The main issue in the race was how to fill what many see as a nearly $6 billion deficit in the state's next two-year budget.

Dayton, 63, has run for office or served in elective or appointed office for much of the past 30 years. He twice was state economic development commissioner, served a term as state auditor and was U.S. senator six years. Before Tuesday, his record in running for statewide office was 2-2 after losing efforts to be U.S. senator and governor earlier in his career.

Emmer is wrapping up six years as a state legislator from Delano. Earlier, he served on the Independence and Delano city councils. This was Emmer's first statewide campaign. He has had his own law office since 1995.

Horner, 60, lives in Edina. He was a newspaper reporter and editor, worked for U.S. Sen. Dave Durenberger and co-owned a public relations firm for more than two decades.

Four minor-party candidates were on Tuesday's ballot and three others ran as write-ins, but none waged a visible campaign.

Nearly all attention was on the candidates' budget plans.


Dayton's tax-the-rich plan fell $1 billion short of what he expected, and he never said just how he would make up for that. He also did not lay out a detailed plan about state programs he would cut. Dayton said the state needs more money to fund programs for 20,000 more students expected in Minnesota schools in the next two years as well as more than 100,000 more residents.

The Democrat, and heir to a department store fortune, made increasing education funding a top priority.

Emmer gave no budget details, but delivered the most complete outline, showing what he would spend in each general area. He said the details would have to wait until he and the Legislature could work out a complete budget, saying that he "respects the process."

One thing Emmer made very clear was that he would not allow state taxes to rise. But he also would need to make deeper program cuts than Dayton or Horner because he would limit spending to what already is expected to be collected in taxes: $33 billion for the two years beginning next July 1. Dayton's plan likely would cost something closer to $38 billion.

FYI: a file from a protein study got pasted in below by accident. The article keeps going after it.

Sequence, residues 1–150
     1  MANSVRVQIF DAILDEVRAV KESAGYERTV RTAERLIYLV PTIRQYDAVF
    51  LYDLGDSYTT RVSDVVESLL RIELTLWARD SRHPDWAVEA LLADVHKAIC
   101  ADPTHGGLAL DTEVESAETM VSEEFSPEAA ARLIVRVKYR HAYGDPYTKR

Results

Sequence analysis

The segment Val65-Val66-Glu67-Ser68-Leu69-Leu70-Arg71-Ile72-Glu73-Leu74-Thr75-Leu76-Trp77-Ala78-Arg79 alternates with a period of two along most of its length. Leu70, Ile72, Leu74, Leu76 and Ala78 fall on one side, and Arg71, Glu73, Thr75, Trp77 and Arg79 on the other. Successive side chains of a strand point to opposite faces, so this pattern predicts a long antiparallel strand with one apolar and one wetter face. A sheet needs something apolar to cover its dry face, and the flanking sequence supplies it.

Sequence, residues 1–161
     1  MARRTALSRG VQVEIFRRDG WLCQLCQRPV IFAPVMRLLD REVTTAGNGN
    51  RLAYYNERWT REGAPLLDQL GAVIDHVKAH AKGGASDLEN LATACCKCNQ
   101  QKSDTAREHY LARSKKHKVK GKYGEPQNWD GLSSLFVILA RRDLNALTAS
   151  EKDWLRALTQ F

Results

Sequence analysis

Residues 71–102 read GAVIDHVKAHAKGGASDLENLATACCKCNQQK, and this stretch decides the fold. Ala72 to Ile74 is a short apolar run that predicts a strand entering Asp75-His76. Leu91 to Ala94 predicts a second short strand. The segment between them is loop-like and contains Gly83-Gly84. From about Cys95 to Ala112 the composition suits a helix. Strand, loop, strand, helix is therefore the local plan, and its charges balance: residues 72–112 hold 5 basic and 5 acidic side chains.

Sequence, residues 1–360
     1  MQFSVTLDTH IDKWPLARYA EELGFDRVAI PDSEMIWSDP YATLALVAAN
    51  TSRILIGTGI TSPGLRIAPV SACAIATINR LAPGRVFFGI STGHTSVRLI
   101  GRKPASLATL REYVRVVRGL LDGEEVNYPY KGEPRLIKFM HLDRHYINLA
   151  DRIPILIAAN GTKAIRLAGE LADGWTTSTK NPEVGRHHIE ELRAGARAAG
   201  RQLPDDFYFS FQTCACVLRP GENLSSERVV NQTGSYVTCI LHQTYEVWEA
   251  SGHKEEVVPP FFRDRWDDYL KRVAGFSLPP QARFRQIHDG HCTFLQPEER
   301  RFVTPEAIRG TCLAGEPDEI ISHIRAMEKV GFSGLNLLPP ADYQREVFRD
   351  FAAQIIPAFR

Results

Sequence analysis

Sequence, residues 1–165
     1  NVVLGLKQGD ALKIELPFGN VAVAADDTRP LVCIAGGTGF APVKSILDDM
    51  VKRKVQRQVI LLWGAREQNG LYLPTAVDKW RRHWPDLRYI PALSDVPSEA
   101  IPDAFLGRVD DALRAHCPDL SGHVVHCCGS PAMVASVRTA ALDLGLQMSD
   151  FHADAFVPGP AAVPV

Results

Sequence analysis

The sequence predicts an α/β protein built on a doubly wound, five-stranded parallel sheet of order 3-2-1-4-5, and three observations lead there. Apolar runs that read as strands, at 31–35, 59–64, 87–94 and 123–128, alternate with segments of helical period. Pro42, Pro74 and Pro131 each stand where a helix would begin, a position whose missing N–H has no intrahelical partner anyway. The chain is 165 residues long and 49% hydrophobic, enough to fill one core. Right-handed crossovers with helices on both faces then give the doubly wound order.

Horner took the politically unpopular step to propose extending the state sales tax to clothes and services, perhaps including haircuts. While he would reduce the overall sales tax rate, taxing clothes never has been popular in Minnesota.

Personalities showed by Dayton and Emmer often were in as stark a contrast as their political philosophies.

Emmer delivers fiery speeches from the gut, often off the top of his head and sometimes not politically correct. Dayton is known as a shy, socially awkward man who only on occasion delivers a passionate speech.

Dayton, father of two grown sons, lives in a Minneapolis apartment with two dogs. He was an all-state hockey goalie and played for Yale University.


Like Dayton, Emmer was a hockey player as a youth, including the University of Alaska Fairbanks. He earned his law degree from the William Mitchell College of Law and ran his own law firm beginning in 1995.

Emmer has seven children. He usually talks about "we" when discussing becoming governor, saying his wife Jacquie would be his partner.

To reach Tuesday's general election, Dayton skipped the party endorsement process at April's state Democratic-Farmer Labor Party convention, planning all along to run in the Aug. 10 primary election. In that, he spent mostly his own money to beat House Speaker Margaret Anderson Kelliher and former state Rep. Matt Entenza.

Emmer took the party endorsement in April, over Rep. Marty Seifert, and did not face serious competition in the primary, leaving him to campaign for the general election much of the year.


Martin Owings, Andrew Tellijohn and Scott Wente contributed to this story. Don Davis reports for Forum Communications Co.